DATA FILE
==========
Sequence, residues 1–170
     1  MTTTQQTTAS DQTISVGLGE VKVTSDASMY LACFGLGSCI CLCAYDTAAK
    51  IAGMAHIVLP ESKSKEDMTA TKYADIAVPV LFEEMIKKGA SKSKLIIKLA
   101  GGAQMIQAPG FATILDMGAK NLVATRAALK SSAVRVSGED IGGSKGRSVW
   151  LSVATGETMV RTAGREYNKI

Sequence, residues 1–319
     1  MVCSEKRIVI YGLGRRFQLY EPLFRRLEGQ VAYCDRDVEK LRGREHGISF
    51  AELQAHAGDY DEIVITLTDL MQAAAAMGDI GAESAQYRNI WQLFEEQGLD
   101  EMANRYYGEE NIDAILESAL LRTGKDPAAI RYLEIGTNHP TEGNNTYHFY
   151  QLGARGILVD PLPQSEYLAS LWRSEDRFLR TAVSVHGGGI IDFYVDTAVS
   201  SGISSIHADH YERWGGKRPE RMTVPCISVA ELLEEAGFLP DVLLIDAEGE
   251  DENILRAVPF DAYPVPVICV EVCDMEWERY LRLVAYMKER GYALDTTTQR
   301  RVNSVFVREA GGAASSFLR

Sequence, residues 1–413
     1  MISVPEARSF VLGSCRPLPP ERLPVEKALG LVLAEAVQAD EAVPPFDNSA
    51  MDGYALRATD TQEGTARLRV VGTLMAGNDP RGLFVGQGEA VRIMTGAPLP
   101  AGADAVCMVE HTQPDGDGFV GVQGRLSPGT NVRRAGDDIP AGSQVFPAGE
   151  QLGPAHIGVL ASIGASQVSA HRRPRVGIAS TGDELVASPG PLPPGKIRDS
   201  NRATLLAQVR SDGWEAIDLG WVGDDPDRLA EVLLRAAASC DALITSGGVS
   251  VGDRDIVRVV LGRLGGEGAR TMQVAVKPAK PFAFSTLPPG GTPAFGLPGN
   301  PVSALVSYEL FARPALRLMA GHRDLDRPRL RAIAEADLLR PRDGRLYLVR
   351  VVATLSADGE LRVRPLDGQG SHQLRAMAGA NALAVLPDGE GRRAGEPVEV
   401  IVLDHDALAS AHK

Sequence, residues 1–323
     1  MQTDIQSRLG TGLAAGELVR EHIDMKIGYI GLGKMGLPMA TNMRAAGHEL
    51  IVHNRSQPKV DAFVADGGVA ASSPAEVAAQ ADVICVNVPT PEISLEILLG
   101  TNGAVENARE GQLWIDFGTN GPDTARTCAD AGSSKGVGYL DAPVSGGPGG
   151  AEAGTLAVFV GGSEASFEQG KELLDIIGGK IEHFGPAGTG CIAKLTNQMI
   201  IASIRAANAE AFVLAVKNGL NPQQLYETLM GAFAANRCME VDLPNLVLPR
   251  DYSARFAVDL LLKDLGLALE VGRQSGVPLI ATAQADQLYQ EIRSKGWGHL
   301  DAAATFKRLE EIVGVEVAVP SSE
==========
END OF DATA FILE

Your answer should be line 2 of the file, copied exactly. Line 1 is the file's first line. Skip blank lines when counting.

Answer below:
     1  MTTTQQTTAS DQTISVGLGE VKVTSDASMY LACFGLGSCI CLCAYDTAAK